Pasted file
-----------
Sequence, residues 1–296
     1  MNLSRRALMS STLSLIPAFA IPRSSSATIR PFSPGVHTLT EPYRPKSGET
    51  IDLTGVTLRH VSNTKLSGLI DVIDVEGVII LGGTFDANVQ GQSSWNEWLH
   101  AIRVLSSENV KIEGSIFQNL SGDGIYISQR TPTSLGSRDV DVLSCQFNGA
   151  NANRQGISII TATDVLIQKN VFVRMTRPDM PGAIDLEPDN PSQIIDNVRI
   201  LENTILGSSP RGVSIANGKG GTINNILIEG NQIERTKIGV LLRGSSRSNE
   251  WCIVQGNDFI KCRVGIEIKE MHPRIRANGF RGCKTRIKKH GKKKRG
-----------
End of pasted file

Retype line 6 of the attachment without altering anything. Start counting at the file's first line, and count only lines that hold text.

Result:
   201  LENTILGSSP RGVSIANGKG GTINNILIEG NQIERTKIGV LLRGSSRSNE